I was less than a mile from the finish line of my first half marathon, and I wasn’t sure that I could make it. My mouth was dry and my legs were quickly filling with cement as I plodded down the red dirt path. Forward momentum was the only thing keeping me in motion.
Well, that and the fact that Bob, a 40-something diplomat from the local American embassy, was beating me. Me, a 25-year-old athlete and former high school soccer state champion.
Sure, Bob was an avid long-distance runner, and I had never run more than four consecutive miles in my life. But it was the principle of the thing: he was older and fatter than me, and I wanted to beat him. As long as the remainder of the course continued downhill, I thought I just might have a chance.
That’s when I spotted the Grevy’s zebra. It was trotting through the grass on my right, headed directly toward the path in front of me. The zebra hadn’t noticed me yet. I had no idea what it might do when it did. Zebras are notoriously ill-tempered and known to panic under stress.
I found myself trapped in a game of chicken that could have been torn from the pages of National Geographic. If I stopped now, so close to my goal, I might not be able to start again. If I didn’t yield to the zebra, I risked spooking it and suffering even worse consequences.
Described by Runner’s World as ‘one of the ten races of your life,’ the Safaricom Marathon isn’t easy. Held every June among the rolling plains of the private Lewa Wildlife Conservancy in northern Kenya, the footrace covers a 20 kilometer loop of trail usually traveled by photographers in all-terrain safari vehicles.
But a walking safari this is not. Averaging temperatures of over 80 degrees Fahrenheit and an altitude of 5,500 feet, the Safaricom Marathon’s course would be daunting even without the wildlife. It’s not a race for setting a personal record.
It was in no way a love of the sport that drew me to join Bob and his ragtag team of Marines and Canadian expats in the half marathon race. When strangers found out that I was planning to run, I felt obligated to clarify.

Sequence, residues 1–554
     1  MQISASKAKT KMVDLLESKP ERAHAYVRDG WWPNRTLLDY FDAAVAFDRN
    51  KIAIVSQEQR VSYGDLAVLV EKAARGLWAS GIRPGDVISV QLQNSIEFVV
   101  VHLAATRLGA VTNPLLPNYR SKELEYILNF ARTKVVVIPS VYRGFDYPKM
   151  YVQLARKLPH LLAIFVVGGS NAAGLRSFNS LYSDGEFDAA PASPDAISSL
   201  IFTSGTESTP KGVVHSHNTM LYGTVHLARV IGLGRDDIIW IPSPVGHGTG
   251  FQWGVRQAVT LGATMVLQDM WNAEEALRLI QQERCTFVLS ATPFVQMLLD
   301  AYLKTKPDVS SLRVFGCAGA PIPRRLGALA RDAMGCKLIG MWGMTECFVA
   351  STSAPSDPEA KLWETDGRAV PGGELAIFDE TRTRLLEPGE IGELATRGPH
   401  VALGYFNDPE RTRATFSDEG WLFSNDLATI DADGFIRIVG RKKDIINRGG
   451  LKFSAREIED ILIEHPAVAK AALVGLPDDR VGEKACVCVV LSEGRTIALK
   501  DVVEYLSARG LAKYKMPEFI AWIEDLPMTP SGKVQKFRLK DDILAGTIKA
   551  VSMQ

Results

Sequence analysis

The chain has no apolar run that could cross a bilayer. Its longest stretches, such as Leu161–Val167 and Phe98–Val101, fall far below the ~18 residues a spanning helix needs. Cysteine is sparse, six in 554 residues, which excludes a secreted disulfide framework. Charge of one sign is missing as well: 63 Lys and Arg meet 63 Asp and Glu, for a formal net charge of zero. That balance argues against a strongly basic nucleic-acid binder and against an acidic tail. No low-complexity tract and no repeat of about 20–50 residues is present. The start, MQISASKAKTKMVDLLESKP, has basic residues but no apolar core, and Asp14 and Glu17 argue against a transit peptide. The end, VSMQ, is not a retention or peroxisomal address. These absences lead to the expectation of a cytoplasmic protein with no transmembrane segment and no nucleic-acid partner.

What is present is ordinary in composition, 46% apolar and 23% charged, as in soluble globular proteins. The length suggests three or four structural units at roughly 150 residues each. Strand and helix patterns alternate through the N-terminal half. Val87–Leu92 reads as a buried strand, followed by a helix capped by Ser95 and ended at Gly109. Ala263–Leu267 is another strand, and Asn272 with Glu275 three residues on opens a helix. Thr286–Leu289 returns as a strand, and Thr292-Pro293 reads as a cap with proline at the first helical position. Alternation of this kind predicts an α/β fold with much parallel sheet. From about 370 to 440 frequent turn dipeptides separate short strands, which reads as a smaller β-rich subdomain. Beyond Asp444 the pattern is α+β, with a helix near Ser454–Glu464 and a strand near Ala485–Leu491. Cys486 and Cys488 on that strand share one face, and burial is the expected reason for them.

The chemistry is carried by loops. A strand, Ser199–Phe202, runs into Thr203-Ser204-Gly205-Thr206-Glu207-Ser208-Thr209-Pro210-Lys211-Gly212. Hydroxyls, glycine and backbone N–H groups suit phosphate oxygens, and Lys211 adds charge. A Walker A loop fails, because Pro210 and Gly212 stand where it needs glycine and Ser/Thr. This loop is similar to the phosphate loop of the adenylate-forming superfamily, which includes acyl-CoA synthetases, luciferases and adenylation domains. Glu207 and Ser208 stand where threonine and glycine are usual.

“I’m not really a runner,” I would say. “I don’t even like running.”
My feeble attempt at training in my Kenyan village soon became a chore. Afternoon runs ended with me surrounded by a gaggle of giggling, barefoot children who were as obnoxious as they were adorable, tripping over themselves and me as they ran to keep up. On pre-dawn runs, the ancient, 14-seater vans used for public transportation would screech around blind corners and drive me off the road.
As quickly as I had begun, I stopped running. I convinced myself that a lack of training would make the race more of a challenge.
Besides the harsh conditions and dangerous wildlife, the Safaricom Marathon is also run by some of the world’s fastest athletes. Kenya’s marathoners are famous for their endurance and speed, setting records almost everywhere they compete. At Lewa, Kenyan runners consistently take the top 20 spots.
In the half marathon, I competed against former marathon world record holder Paul Tergat. I didn’t even come close to catching sight of him. I didn’t catch Bob either, though he was much closer – just around the corner, only a minute ahead.
Fortunately, I won the contest that really mattered. Once my zebra challenger finally caught sight of me on the trail, he conceded defeat, pulling up short with a snort and a shake of his mane. I thanked him silently as I jogged past.
It’s not every marathon that has to be postponed because a lion is hanging out around the starting line, as happened in Lewa last year. Sign up for the Safaricom Marathon or learn more at the race’s website.
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